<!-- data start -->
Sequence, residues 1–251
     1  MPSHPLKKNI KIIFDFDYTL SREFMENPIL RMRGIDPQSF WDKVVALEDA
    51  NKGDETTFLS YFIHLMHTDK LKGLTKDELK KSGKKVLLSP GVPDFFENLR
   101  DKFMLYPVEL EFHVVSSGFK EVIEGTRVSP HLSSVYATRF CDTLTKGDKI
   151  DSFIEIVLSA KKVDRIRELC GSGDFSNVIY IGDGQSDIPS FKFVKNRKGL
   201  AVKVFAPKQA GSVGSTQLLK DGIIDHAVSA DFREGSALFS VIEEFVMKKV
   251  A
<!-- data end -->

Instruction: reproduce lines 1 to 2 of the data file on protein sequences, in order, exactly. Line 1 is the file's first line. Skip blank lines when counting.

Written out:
Sequence, residues 1–251
     1  MPSHPLKKNI KIIFDFDYTL SREFMENPIL RMRGIDPQSF WDKVVALEDA